Giovio Globe Mercator Globe

A thorough survey of the islands throughout the Giovio Globe has not yet been undertaken, while a quick look at the Pacific is confusing. In his account of Magellan's voyage, Antonio Pigafetta first reports two islands one at 15 degrees S and one at 8 degrees S latitude. Magellan calls these islands the Unfortunate Islands and Pigafetta names one of them Tiburoni (Shark) Island. These islands are not where they are supposed to be on the Giovio Globe (or the Mercator globe), though they appear as I. Tibrones and I. S. Paolo on Gastaldi's 1546 world map and most subsequent maps at about 250 degrees longitude. On both the Mercator and Giovio globes, the Unfortunate Islands show up much further to the East, at about 210 degrees of longitude. These Unfortunate Islands are the only Pacific islands on Mercator's globe. By contrase, the Giovio Globe shows two unnamed islands just slightly north of the Equator at 265 degrees of longitude. More interestingly, the Giovio Globe shows another island just north of the Equator, indistinctly labeled Insula Latrons ( a corruption of Ladrones?),at about 232 degrees of longitude. This island may represent the Island of Thieves (Ladrones) mentioned by Pigafetta. As such, it is properly located north of the Equator, in agreement with Pigafetta's account. Just to make things more confusing, Vopell, in his great 12 sheet world map, indicates a Insulae Latronium jsut south of the Equator at about 210 degrees of longitude, and the same islands jump around the Pacific on other maps of the mid 16th century. Clearly misunderstandings, mistranslations and mistranscriptions worked to create a confusing picture in the Pacific.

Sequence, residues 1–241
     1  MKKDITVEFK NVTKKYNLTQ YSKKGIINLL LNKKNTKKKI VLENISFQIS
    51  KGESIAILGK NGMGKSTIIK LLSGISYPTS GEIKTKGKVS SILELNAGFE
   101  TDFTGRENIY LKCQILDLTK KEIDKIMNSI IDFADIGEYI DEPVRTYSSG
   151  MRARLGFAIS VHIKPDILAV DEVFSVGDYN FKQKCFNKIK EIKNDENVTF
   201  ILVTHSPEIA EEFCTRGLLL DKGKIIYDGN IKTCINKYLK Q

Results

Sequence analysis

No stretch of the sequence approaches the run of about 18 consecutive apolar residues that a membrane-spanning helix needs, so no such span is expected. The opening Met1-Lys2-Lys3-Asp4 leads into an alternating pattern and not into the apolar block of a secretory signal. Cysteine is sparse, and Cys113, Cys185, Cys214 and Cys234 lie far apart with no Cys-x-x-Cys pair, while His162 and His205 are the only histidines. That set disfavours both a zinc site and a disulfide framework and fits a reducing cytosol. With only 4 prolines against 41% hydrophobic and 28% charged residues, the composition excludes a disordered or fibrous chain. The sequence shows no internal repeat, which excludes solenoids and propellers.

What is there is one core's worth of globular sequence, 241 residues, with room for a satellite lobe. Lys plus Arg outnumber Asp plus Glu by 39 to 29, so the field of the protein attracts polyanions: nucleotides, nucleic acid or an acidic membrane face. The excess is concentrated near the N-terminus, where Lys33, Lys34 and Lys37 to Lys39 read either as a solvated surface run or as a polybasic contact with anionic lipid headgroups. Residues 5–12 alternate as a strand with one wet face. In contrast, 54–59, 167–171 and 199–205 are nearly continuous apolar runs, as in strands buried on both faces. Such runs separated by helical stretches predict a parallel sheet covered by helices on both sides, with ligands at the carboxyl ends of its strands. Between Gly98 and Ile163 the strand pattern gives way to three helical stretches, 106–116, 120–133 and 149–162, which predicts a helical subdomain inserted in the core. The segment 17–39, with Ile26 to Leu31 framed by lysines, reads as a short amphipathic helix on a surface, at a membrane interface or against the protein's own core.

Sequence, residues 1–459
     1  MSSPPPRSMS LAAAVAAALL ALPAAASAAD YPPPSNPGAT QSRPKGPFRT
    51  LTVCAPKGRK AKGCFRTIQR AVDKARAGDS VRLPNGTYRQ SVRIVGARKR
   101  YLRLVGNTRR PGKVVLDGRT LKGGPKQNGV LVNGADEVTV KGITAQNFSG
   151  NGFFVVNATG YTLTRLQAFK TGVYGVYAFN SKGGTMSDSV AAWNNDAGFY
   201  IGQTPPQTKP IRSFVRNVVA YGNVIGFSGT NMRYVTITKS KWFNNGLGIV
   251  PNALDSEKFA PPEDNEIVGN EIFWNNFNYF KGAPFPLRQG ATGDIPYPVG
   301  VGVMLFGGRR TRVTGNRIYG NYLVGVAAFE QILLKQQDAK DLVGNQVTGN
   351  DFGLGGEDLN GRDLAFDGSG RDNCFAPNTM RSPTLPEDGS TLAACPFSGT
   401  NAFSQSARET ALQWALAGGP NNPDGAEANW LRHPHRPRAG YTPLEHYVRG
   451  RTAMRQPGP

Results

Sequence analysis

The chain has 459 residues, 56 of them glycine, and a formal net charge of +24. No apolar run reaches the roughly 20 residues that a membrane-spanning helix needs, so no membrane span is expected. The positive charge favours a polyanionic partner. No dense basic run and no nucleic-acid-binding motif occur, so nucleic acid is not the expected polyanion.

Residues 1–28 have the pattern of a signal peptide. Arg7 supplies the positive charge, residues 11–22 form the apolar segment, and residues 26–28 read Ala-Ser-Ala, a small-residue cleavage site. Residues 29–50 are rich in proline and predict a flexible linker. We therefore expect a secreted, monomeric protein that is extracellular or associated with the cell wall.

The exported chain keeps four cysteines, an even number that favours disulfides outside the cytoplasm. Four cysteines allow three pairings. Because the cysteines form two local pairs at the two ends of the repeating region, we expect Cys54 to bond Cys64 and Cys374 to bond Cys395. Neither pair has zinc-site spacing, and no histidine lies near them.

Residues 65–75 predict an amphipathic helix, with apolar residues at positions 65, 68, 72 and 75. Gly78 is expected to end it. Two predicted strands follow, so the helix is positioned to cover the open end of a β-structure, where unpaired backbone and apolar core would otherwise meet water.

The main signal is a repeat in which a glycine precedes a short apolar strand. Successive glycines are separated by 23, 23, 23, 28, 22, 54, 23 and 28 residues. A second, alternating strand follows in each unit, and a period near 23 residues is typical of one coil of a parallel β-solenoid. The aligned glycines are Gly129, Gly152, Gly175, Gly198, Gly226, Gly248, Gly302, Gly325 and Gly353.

More work remains to be done surveying the islands of the Giovio Globe.